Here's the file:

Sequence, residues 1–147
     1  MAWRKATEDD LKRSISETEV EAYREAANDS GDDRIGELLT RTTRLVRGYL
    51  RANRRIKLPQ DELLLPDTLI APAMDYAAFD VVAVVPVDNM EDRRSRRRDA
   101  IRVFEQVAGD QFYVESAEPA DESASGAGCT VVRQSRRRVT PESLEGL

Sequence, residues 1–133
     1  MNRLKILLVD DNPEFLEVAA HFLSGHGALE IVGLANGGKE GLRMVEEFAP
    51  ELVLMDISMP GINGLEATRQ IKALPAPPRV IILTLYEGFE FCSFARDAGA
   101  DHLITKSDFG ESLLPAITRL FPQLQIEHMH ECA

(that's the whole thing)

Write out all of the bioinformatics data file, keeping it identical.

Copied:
Sequence, residues 1–147
     1  MAWRKATEDD LKRSISETEV EAYREAANDS GDDRIGELLT RTTRLVRGYL
    51  RANRRIKLPQ DELLLPDTLI APAMDYAAFD VVAVVPVDNM EDRRSRRRDA
   101  IRVFEQVAGD QFYVESAEPA DESASGAGCT VVRQSRRRVT PESLEGL

Sequence, residues 1–133
     1  MNRLKILLVD DNPEFLEVAA HFLSGHGALE IVGLANGGKE GLRMVEEFAP
    51  ELVLMDISMP GINGLEATRQ IKALPAPPRV IILTLYEGFE FCSFARDAGA
   101  DHLITKSDFG ESLLPAITRL FPQLQIEHMH ECA